Answers to your Questions
ABOUT THE ARTIST
Mark Powell was born in Yorkshire and attended Huddersfield University. He enrolled one day purely by accident. He was fired from his then job one day and decided to visit in the town. Bored, he decided to look around the art department, the term had just started, and began talking to the head of the department. Before he knew what was happening and armed with only a few sketches that he had drawn at the many many jobs he had been hired and fired from or the many houses he had lived in, he signed a few pieces of paper and was then studying Fine Art Drawing and Painting. The first year was a little up and down, with no student loans until the second year and mostly nowhere to live for the first year. He managed to get some work done, though was termed as a ‘terrible artist’ by one course tutor. The second and third year went a little more smoothly and graduation came and went, he skipped the graduation ceremony. In the summer of 2006, the year of graduation, he was invited to show in a few spots in America, fun ensued. On the return to the UK and with only £1 in his pocket he had a to find a job and studio, more shows followed in various cities and nearly a year spent sleeping on a concrete floor in his studio in Leeds until an opportune moment and the chance to take a warehouse in Bow, London. A rather hectic year followed of parties and work until the building was condemned. Moving to Brick Lane in East London and being featured on the culture website Colossal meant that within a few hours of that feature leading to all his work being sold he could quit and become a full time artist. With the help of The Other Art fair London noticed. Travel, group shows and solo shows followed a plenty. And so the story goes…
What inspires you?
I find inspiration from artists of many styles. I find that it comes not from people of similar style but from artists that make you stand back and linger. Jean Michel Basquiat, David Hockney, Samuel Bassett, Anthony Micallef, Richard Hamilton etc
What got you started with this style?
After we were evicted from the warehouse in London, at which point i was painting large scale paintings, i had to work smaller. I had found an envelope that was sent from the trenches in World war one. The solider had sent it just before ‘going over the top’. With the likelihood that the solider never returned i decided to draw what he may have looked like as an old man. And so it started. In an increasingly digital age i want to save as much as i can in the way of maps etc and ‘upcycle’ them. The pairing of elderly people and antique documents is a natural one. Both have an untold history upon the face of it. A suggestion.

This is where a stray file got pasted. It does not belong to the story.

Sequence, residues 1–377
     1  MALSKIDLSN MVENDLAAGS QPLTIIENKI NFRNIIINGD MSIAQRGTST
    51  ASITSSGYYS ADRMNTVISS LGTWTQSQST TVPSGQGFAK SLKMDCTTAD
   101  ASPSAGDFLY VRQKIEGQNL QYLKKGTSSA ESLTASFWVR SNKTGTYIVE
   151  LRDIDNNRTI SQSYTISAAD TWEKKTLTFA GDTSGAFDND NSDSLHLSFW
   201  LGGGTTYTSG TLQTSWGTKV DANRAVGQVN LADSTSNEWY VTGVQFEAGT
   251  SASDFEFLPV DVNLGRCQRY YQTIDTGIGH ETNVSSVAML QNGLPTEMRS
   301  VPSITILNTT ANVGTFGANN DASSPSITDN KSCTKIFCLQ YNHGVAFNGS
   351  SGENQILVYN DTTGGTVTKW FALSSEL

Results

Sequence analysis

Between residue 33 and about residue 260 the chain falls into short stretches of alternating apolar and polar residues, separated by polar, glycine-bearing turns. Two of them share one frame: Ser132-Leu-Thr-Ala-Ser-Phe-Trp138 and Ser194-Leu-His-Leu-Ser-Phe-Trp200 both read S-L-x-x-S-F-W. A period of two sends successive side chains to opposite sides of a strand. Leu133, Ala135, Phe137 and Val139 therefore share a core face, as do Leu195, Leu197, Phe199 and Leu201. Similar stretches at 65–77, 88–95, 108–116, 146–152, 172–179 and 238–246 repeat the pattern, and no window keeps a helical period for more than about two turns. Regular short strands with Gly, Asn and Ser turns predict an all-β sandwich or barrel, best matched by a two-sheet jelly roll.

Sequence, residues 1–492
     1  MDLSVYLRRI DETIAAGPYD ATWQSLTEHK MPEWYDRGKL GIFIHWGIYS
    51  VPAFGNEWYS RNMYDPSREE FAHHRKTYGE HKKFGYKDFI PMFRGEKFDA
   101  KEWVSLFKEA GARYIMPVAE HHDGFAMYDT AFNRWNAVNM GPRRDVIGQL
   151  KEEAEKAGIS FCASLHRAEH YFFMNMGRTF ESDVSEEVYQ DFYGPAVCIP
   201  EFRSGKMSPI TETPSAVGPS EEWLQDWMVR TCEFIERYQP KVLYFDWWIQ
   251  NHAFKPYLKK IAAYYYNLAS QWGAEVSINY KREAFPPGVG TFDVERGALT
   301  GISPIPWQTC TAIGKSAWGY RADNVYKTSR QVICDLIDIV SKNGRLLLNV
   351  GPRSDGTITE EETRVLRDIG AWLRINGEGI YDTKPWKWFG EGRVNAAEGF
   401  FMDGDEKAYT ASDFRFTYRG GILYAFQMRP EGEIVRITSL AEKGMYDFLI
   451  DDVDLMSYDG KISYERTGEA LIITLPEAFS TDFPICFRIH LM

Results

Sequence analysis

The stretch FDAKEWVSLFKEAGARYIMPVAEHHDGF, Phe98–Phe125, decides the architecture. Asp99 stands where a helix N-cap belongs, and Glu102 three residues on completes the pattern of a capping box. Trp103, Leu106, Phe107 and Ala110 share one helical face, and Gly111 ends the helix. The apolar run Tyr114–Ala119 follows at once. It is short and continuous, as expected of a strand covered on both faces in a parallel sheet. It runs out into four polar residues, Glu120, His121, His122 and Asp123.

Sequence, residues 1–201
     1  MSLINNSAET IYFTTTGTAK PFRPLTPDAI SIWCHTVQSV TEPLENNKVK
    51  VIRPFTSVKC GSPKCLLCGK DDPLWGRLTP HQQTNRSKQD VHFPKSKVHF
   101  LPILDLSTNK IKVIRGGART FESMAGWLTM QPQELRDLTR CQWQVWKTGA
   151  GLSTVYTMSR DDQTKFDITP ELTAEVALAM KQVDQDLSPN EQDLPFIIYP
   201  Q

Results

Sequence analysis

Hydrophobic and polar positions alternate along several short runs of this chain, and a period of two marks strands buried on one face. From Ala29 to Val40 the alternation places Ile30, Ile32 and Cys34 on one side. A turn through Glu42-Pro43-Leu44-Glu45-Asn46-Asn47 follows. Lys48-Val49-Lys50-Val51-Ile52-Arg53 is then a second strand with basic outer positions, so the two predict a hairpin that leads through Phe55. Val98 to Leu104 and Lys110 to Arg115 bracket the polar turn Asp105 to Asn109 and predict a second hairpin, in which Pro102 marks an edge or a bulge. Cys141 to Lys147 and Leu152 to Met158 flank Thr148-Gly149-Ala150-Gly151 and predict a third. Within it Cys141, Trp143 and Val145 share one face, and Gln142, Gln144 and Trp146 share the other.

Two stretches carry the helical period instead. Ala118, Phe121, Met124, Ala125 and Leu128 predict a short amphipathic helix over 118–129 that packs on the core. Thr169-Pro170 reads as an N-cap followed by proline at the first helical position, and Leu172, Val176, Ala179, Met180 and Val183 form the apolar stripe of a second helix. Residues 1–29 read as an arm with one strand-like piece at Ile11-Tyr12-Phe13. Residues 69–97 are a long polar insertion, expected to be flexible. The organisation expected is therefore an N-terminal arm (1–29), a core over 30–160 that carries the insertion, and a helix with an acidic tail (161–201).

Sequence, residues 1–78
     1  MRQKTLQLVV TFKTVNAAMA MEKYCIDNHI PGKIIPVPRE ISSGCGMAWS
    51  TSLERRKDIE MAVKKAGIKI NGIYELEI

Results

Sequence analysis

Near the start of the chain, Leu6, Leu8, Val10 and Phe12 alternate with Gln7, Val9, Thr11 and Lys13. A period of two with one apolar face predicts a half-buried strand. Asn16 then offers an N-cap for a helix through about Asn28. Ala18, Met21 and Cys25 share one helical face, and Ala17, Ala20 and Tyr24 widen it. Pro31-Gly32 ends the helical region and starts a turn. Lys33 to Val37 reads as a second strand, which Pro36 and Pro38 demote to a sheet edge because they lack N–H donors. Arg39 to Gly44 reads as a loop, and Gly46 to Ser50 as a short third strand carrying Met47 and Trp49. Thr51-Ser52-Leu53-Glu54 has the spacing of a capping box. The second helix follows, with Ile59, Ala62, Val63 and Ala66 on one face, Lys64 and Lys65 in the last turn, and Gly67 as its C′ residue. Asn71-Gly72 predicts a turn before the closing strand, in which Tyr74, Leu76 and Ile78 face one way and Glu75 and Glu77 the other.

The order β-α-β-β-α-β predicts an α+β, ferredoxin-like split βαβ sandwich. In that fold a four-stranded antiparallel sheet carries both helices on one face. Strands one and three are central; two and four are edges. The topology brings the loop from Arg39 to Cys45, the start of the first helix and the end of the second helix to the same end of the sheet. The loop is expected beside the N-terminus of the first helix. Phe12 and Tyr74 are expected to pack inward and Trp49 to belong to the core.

Why a biro?
I choose a biro because it is the most simple and readily available tool to hand. I want to show how easy it is to have the chance to create. I want it to inspire people to give it a go without feeling the need to spend money on arts and crafts.
When did you start drawing?
I dont remember a point at which i didnt draw. Even when i am not drawing ‘real’ drawings for shows i am drawing in sketchbooks or painting etc. How else is anyone going to improve if not by hard incessant work.
Do you know the people you draw?
I tend not to know the people i draw as i prefer to retain the mystery of travel of both the subject and ‘canvas’
What is your favourite piece and why?
I tend to dislike most of the work i produce, on occasion i do like a piece that can last up to 5 minutes but then i have to get back to work to produce something better. I doubt i would like to be too satisfied with anything i produce.
Any advice for drawing?
When drawing with a biro i find that it is all about the pressure applied on the tip. To avoid the ink build up that tends to happen with ballpoint pens keep an extra piece of paper to roll the tip on. Use it often. Pens that have used more ink have a quicker flow of ink so only use them for darker areas and use newer pens for lighter areas. Other than that simply keep working and work often otherwise youll never improve.
How do you draw on antique documents?
When drawing on antique documents you will find that each one is different and so your technique will have to differ on each. Some take ink better than others, some are thicker than others. Time will educate you on this. Always remember to work from light to dark with the pen.
Any advice on becoming an artist?
There is no formula for this. I worked so many jobs and lived in so many houses but the only constant was my creating. Then one day someone noticed and i became an full time artist. But you dont need to do it full time to be an artist!